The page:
Setting itself apart from all previous network-branded devices, the Orange Tahiti raises its own bar and then fails to meet all of its increased expectations.
Although aesthetically impressive and a tablet that would be handled in public with pride, the Orange Tahiti falters in a number of areas where, due to some impressive specs and performances, you would expect it to do better.
A reinvigorating push for the 7-inch tablet market, the Orange Tahiti surprised us with its zippy processor and responsive, judder- and issue-free interface that ticks all the boxes when it comes to basic use and standard user functionality.
The tablet's browser is another plus point, with the standard Android affair providing fast load times and a joyful web experience that is further bolstered by the tablet's easy to set up and strong Wi-Fi and 3G connectivity options.
Although the Orange Tahiti liked to chew its way through data, the inclusion of the mobile connectivity option bolsters the tablet's appeal, with strong coverage enabling immersive web browsing at will.
Hard to overlook, the Orange Tahiti's design is impressive on multiple fronts. Although pieced together by a company not renowned for its stunning tech, the Huawei-manufactured Orange Tahiti is eye-catching, with an untainted aesthetic giving the device a high-end air of authority.
Clearly not a tablet created with heavy media usage in mind, despite its ultra-portable form, the Orange Tahiti failed to impress with its below par audio and visual abilities.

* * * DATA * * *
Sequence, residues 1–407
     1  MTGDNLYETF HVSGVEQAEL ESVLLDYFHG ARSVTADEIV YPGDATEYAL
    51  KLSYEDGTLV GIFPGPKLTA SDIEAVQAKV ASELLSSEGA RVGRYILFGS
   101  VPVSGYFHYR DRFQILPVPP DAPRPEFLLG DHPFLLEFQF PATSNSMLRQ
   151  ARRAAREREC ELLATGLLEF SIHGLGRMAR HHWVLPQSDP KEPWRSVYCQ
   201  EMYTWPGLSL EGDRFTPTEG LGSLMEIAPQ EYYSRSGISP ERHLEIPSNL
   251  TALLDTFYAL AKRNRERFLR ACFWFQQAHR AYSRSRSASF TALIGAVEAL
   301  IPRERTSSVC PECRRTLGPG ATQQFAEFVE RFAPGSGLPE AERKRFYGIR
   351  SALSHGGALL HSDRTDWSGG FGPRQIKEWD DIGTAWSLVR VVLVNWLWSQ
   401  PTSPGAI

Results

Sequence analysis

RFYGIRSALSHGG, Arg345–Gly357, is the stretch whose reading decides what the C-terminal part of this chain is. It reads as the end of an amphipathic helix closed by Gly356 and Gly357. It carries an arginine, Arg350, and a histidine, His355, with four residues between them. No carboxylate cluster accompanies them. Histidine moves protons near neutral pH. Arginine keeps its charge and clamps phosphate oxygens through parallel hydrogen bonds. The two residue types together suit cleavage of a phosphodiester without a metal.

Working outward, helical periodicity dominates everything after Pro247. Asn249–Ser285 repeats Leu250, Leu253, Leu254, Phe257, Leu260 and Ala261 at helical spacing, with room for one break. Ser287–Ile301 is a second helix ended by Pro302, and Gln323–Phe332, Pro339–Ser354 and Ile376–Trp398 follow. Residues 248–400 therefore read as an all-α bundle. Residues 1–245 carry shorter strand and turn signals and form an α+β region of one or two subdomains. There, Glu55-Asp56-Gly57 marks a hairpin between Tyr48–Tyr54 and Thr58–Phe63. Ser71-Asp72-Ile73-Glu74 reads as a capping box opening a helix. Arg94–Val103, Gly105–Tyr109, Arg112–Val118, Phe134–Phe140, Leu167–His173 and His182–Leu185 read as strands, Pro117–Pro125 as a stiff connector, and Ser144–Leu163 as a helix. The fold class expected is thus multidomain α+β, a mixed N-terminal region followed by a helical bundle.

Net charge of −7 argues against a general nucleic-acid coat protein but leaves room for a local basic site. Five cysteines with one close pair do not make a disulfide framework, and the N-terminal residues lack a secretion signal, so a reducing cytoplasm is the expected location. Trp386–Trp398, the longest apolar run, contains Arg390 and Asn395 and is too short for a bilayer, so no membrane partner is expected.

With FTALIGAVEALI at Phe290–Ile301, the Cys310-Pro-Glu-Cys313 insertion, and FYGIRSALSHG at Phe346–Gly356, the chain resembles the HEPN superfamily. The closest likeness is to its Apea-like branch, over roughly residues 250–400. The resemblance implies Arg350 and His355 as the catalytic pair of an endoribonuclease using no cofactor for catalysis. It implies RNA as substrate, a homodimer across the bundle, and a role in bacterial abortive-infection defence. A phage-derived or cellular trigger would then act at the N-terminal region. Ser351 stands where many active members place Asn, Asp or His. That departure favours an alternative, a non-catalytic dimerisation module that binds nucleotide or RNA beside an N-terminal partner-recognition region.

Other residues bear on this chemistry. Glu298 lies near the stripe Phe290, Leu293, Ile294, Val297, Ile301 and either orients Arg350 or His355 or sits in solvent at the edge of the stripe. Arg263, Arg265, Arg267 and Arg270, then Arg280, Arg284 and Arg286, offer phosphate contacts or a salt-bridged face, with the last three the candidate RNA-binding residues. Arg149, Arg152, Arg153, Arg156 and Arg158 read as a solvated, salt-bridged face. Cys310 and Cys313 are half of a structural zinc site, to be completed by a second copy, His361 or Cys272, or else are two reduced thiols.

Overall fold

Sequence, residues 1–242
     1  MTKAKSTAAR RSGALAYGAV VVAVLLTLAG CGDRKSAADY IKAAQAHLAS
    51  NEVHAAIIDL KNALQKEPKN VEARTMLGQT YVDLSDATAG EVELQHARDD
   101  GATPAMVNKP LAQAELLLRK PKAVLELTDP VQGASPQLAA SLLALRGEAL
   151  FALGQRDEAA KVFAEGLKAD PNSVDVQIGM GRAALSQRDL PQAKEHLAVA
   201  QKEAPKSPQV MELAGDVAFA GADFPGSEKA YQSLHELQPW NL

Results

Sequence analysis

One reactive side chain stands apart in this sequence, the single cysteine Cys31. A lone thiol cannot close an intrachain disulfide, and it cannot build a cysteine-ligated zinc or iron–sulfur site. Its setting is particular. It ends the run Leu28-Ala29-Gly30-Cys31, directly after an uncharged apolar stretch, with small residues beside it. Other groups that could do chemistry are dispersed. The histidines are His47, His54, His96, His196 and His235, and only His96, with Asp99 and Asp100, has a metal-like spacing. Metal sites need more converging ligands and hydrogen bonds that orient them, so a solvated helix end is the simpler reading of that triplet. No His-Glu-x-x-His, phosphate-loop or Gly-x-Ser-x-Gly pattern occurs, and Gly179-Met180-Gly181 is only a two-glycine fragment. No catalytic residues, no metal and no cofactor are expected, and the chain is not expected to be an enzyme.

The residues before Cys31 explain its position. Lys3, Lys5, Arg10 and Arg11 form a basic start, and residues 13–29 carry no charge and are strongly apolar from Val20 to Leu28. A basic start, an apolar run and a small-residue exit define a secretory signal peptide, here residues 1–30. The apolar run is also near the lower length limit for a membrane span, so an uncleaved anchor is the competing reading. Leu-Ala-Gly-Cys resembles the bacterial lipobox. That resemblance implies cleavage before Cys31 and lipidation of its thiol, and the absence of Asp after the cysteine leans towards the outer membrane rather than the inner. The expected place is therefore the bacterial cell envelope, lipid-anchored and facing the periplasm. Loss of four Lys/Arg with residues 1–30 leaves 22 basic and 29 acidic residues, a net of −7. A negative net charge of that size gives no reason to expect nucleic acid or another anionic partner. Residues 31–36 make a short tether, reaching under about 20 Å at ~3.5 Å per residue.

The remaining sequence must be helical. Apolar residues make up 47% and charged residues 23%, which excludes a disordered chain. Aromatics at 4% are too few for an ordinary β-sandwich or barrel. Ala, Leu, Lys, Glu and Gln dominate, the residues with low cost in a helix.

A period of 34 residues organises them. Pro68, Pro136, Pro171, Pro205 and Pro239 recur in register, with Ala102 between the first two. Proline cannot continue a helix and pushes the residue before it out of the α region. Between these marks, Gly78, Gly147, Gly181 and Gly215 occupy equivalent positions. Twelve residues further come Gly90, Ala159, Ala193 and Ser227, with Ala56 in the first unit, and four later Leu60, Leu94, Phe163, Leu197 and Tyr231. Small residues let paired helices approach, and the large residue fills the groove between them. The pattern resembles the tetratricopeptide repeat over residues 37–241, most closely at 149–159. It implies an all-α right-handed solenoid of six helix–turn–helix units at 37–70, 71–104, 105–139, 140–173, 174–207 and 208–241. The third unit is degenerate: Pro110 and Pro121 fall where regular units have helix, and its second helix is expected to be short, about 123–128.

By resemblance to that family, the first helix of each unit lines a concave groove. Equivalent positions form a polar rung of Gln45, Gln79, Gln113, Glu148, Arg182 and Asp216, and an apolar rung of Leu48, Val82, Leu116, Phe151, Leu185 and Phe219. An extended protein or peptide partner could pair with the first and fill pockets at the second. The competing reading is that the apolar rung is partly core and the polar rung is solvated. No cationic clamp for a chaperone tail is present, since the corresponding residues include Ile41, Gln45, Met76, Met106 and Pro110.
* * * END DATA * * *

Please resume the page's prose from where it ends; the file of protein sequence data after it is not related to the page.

A grainy, low quality camera that suffers from poor light management and flat colours can be overlooked by those users not gripped by how many megapixels every device has. But the Orange Tahiti's screen issues are harder to forgive.
At times unresponsive, causing a stuttering to use, the slightly muted colours and yellowing of what should be crisp whites is hard to get used to. This down point is one that would nag at users long after purchasing the tablet, and throughout the compulsory 24 month contractual period.
A brilliant example of the potential of the tablet market, the Orange Tahiti is a device that will no doubt widely impress the entry-level user that has not been exposed to the likes of the Samsung Galaxy Tab 7.7, Apple iPad 2 or Asus Eee Pad Transformer Prime.
Compared to this selection of competitors, however, the Huawei-manufactured tablet comes up slightly short.
The Orange Tahiti is a great own-branded tablet form a retailer that is looking to push the device much in the same way as it would a handset, with a small one-off payment plus monthly contractual fees. But there are certainly better devices on the market that, in the long run, would prove better value for money.
An up and down collection of hit and miss features, Orange's first foray into the tablet market is one that will appeal greatly to those with few high-end expectations of their first tablet. But it'll similarly fail to fully impress the hardened tech fan more comfortable with the tried and trusted hardware brands.